But beyond basic path-making, you can expand on this simple idea by creating interactive discovery trails that can evolve throughout the entire season. Use your kid-made paths for winter art walks, STEM activity trails, outdoor winter nature observation stations, a winter obstacle course, or creative winter scavenger hunts. And I have a whole list of engaging ideas for themed discovery-trail ideas that will appeal to kids of all interests and outdoor activity level!

Visit our BIG list of kids’ outdoor winter play activities for over fifty creative ideas to save for your next snow day.

To make your own backyard winter art trail you’ll need:

Note: We prefer to shop locally or use what we have at home, but this list contains Woodpeckers Crafts, Etsy, Blick Art Materials, and/or Amazon affiliate links for reference. As Amazon Associates, we make a small commission on qualifying purchases.*

BASIC SUPPLIES:

OPTIONAL SUPPLIES:

  • Plastic bins, pails, boxes, small insulated coolers, or old towels
  • Handwarmer packets (like these) or hot water bottles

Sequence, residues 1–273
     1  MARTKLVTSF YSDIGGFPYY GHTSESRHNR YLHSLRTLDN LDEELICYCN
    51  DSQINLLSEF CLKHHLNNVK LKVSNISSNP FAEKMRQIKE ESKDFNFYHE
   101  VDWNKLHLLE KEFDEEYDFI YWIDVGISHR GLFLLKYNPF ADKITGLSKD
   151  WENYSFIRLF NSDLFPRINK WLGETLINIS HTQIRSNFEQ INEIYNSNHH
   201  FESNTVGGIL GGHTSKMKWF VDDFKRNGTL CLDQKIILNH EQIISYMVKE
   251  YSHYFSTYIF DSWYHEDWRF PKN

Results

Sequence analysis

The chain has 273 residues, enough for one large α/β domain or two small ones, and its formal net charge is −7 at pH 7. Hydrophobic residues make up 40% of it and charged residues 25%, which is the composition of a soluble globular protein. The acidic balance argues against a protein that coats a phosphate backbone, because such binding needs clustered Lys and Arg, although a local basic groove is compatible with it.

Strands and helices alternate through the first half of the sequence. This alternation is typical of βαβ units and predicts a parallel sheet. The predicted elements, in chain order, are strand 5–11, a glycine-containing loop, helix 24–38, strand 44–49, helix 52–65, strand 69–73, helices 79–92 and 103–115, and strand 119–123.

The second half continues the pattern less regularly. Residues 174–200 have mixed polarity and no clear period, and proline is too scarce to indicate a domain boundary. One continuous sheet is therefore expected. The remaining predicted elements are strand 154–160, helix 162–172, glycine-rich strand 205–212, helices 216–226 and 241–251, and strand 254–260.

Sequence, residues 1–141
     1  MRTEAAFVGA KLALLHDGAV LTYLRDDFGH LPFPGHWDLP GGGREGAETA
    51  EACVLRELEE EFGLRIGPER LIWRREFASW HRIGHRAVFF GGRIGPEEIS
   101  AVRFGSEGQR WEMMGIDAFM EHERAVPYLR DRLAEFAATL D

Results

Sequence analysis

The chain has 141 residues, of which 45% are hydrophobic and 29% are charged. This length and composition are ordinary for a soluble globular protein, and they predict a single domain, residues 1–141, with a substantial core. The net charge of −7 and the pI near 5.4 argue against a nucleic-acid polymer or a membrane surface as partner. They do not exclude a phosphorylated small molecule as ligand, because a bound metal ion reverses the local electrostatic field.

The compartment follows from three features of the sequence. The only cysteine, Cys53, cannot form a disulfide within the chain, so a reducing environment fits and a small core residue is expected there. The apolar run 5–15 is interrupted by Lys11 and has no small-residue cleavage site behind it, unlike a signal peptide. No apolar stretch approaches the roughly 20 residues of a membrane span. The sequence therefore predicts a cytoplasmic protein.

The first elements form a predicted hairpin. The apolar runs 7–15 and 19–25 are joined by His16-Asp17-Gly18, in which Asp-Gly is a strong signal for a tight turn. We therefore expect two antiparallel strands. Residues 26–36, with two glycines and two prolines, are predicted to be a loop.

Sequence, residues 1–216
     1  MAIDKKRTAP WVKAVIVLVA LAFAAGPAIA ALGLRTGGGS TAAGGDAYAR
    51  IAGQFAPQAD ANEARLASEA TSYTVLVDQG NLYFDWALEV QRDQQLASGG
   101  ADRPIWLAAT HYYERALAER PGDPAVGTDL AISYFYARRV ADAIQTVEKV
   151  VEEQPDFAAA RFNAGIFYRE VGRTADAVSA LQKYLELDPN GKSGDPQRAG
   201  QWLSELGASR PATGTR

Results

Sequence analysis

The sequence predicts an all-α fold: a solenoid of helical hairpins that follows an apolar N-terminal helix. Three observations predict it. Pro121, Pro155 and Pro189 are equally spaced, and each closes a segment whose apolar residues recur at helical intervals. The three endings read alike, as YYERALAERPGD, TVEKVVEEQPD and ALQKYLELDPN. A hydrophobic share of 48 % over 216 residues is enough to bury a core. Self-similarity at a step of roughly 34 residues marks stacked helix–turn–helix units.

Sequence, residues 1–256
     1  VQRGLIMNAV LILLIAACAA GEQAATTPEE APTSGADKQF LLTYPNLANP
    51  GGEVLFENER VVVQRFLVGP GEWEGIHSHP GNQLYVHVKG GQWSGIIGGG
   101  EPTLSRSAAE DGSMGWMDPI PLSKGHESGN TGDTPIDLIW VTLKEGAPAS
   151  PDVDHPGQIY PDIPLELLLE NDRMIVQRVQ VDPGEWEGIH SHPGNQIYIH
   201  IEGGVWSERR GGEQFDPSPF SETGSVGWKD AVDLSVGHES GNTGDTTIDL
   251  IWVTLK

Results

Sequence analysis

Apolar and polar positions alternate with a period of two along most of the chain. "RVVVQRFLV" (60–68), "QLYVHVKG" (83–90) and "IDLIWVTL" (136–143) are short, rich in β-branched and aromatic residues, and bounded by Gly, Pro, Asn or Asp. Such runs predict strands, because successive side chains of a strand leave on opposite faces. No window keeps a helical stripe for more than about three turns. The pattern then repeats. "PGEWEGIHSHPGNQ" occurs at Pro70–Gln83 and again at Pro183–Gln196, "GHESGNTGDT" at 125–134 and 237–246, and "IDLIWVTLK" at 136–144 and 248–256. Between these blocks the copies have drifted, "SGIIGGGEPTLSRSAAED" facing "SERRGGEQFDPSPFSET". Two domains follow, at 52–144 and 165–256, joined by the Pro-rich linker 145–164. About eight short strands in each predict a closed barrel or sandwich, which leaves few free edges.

How to Make Backyard Winter Discovery Trails – DIY Instructions:

  1. Create paths in the snow or backyard

    Pass around the snow shovels and let the kids in on the fun! Depending on their ages (and how heavy the snow is!) they may need an adult to get their paths started.

    Of course, you don’t need snow to enjoy a backyard trail. You can create a path in other ways. Use lines of small stones to mark the trail, or let your grass grow a little longer, and use the lawnmower to cut a winding path through the yard.

  2. Add outdoor winter activities along the path

    Lay out the supplies you need for each winter activity along the path. You can put them in plastic bins, pots, pails, boxes, or small coolers depending on the weather.

    If you’ll be leaving items out for the day, you may want to pack them in a bin or box with some old towels – adding one or two small handwarmer packets wrapped inside for extra warmth if necessary.

    I’ve shared lists of themed activities you can use along your trails below!